The Girl Who Broke the Dark by Evelyn Puerto is another story I simply could not put down despite it not being a genre I usually enjoy. This fantasy, a twisted version of the fairytale, A Sleeping Beauty, had me wishing for more. And once again, I'm thrilled because it is just the first volume in what will become her Royal Mages series.
Puerto weaves a tale about Princess Eliana, her country of Ymittos, and a sleeping prince cursed by the evil sorcerer Cetus. Although she remains unaware of her role until her 18th birthday, Eliana is destined to break the curse or watch her country - and eventually the entire continent - fall victim to Cetus. Unfortunately, to do what she must, Eliana must venture deep underground to face barbarians, monsters, and her own fears.
I struggle with fantasy because I get lost in the world building, non-human characters, and social/physical law differences. However, I LOVED LOVED LOVED The Girl Who Broke the Dark and am enthralled with the story. I can't wait to read Puerto's second installment.
I won a copy of The Lighthouse by Karin Ciholas through an Atmosphere Press giveaway and wasn't sure what I would think of it. Ancient history is not really my thing. However, once I started reading, I couldn't stop thinking about the characters - even when I was supposed to be doing other things. In fact, I read far too late into the night on a couple of occasions so I could finish. (And the best part is that Ciholas is writing a trilogy, so I'm not really done!)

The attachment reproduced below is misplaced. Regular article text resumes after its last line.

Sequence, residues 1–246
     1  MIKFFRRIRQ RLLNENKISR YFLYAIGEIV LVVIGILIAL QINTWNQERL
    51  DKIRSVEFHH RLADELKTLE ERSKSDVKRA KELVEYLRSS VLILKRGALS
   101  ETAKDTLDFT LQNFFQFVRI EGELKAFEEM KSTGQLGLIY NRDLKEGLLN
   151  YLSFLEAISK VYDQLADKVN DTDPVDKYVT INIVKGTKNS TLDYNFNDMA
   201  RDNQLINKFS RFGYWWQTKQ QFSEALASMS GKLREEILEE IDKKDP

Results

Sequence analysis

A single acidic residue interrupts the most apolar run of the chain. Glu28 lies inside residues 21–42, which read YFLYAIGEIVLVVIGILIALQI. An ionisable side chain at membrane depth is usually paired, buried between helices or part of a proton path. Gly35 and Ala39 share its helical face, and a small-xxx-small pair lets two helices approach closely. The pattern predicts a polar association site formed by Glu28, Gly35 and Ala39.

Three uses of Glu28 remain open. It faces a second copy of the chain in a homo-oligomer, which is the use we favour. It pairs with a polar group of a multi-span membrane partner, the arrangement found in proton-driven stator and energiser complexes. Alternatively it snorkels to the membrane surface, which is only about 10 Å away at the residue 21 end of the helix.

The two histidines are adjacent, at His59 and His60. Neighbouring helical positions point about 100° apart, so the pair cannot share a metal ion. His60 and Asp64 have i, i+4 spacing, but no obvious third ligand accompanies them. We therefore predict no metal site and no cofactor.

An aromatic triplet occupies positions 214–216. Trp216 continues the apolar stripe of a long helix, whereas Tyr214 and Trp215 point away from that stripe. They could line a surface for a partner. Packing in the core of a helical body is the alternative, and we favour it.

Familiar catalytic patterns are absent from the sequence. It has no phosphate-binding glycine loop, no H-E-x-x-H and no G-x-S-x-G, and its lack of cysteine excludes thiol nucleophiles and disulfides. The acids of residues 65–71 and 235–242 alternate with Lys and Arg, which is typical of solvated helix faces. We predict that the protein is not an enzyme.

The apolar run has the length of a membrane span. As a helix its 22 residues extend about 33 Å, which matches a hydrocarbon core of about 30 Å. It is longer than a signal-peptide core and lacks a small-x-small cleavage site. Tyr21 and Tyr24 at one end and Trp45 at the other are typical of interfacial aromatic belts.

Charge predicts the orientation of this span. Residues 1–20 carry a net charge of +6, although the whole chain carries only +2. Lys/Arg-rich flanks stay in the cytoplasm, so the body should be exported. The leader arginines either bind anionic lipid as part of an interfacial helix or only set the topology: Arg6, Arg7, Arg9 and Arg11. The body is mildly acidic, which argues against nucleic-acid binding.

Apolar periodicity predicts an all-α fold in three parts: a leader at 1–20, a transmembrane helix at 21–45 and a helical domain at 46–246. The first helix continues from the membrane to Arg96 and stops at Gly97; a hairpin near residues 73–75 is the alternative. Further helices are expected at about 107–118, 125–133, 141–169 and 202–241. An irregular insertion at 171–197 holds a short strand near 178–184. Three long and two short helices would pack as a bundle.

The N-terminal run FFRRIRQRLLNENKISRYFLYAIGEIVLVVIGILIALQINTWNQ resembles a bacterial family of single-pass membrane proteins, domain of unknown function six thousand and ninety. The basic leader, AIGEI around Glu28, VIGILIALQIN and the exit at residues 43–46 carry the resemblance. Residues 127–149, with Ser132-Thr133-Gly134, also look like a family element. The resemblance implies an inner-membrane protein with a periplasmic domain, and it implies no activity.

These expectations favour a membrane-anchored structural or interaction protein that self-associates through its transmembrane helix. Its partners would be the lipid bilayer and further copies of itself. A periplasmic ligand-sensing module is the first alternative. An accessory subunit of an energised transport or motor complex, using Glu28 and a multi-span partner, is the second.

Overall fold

The Lighthouse is set during the days of Christ and seen from the point of view of Simon, an educated Jewish healer, and his best friend from boyhood who eventually becomes a Roman solider. When a thug kills a member of Simon's family and then abducts his sister, he is chosen to avenge them. But how can he both murder Meidias and keep his Hippocratic oath?
Ciholas did a great job describing Simon's struggle to be everything he was meant to be as well as everything he has been asked to be. Despite a setting and time far removed from my own, I think all readers will understand that challenge.
As a #researchjunkie, I stand in awe of Ciholas' tremendous research, and how she was able to bring me into Simon's world. Ciholas shows readers what it was like to be Jewish during Roman rule, whether focusing on family and religious traditions or the fear of those in power.
This is an excellent read, and I highly recommend it to anyone who loves great character development, historical fiction, and escaping into a story.
I thoroughly enjoyed this dual timeline, dual POV historical fiction by Lisa Wingate. We see Augustine, Louisiana in the 1870s from the eyes of a former slave, Hannie, and see the same town in the 1980s through the eyes of Benny, a first-year teacher. What ties these two together? A book of lost friends.
Although the novel is fiction, Wingate bases Hannie on someone who took out an ad - the Lost Friends - to help her locate her family lost to her because of slavery. This is a piece of history I had never encountered before, and Wingate did an excellent job helping me feel the pain of those who were separated from parents, children, siblings, aunts, uncles, and cousins.
Teri M Brown, author of An Enemy Like Me and Sunflowers Beneath the Snow connects readers with characters they'd love to invite to lunch.
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